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PostPost by: collins_dan » Tue Oct 03, 2017 2:52 pm

Still unpacking boxes after the move to the new house. I will pick this back up shortly, but to answer a couple of questions -

2cams, no solenoid and converted to alternator. Sounds like I need to thoroughly check for voltage loss along the white wire, starting at the back of the tach, then the kill switch, then the coil. I will also look at the wire bundle connected to the terminal block that I installed 5 years ago when swapping over to alternator.

Billwill, the wiring to the preengaged starter is very simple the heavy wire from the battery goes to the starter, main power line connected to the same terminal on the starter, the solenoid trigger wire connected to the solenoid connection on the starter. No ground wire, as grounding is via the engine block. Thanks for the suggestions for how to wire in a new solenoid.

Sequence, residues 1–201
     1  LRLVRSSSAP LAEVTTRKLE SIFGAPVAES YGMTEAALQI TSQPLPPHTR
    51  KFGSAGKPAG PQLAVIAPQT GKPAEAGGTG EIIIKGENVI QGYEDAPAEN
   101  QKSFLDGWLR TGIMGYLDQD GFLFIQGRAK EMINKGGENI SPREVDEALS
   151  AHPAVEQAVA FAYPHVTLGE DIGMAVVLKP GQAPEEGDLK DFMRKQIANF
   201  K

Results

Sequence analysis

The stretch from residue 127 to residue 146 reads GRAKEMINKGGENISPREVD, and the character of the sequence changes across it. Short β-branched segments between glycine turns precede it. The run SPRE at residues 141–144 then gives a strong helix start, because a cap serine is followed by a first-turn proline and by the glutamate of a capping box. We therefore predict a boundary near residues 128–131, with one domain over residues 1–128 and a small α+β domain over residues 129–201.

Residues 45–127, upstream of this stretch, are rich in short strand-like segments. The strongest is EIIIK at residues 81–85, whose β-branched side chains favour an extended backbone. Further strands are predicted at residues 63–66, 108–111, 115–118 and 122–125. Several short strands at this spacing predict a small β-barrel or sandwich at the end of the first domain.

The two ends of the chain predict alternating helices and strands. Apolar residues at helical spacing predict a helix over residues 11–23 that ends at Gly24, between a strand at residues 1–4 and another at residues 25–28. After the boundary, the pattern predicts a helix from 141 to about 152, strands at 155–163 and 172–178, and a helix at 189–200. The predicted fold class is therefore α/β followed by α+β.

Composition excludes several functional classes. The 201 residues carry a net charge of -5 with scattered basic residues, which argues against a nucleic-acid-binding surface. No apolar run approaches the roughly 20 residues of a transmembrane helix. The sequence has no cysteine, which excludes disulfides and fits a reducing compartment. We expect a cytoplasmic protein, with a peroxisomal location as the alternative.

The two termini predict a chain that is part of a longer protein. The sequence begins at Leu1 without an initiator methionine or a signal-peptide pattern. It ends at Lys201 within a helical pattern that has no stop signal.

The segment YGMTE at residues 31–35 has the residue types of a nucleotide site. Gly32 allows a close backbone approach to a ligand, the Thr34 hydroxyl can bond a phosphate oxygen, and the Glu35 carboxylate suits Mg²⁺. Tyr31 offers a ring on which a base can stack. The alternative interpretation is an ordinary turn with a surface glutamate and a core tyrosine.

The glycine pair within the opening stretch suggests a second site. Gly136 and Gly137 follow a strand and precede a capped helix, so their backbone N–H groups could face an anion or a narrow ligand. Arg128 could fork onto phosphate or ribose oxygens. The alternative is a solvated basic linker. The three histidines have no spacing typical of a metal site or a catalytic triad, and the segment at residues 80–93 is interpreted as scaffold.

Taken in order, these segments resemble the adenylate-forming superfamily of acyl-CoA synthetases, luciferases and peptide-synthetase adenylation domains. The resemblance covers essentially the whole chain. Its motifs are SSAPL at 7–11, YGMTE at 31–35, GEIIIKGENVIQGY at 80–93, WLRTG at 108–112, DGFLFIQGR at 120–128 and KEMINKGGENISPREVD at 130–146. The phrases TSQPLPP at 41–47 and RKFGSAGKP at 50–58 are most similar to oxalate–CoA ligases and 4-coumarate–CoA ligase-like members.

All the best, Dan
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PostPost by: collins_dan » Mon Aug 27, 2018 9:19 pm

Well after a year of trying to track down where I am losing 1 volt from one side of the ignition switch to the other, I am resigning myself to installing a relay. Spent even more time this weekend and the white wire is the culprit. If I detach it, voltage goes back up to the starter. If I leave it attached by detach at the coil, I gain back 0.5 volts, which I think is to be expected. The other 0.5 volts, I have no idea. I am sure it is a ground somewhere, as it seems random when it happens. I replaced the fuse box because one of the fuses wouldn't stay in and the problem went away for a couple weeks, but its back now. I'll update if the relay does the job. Dan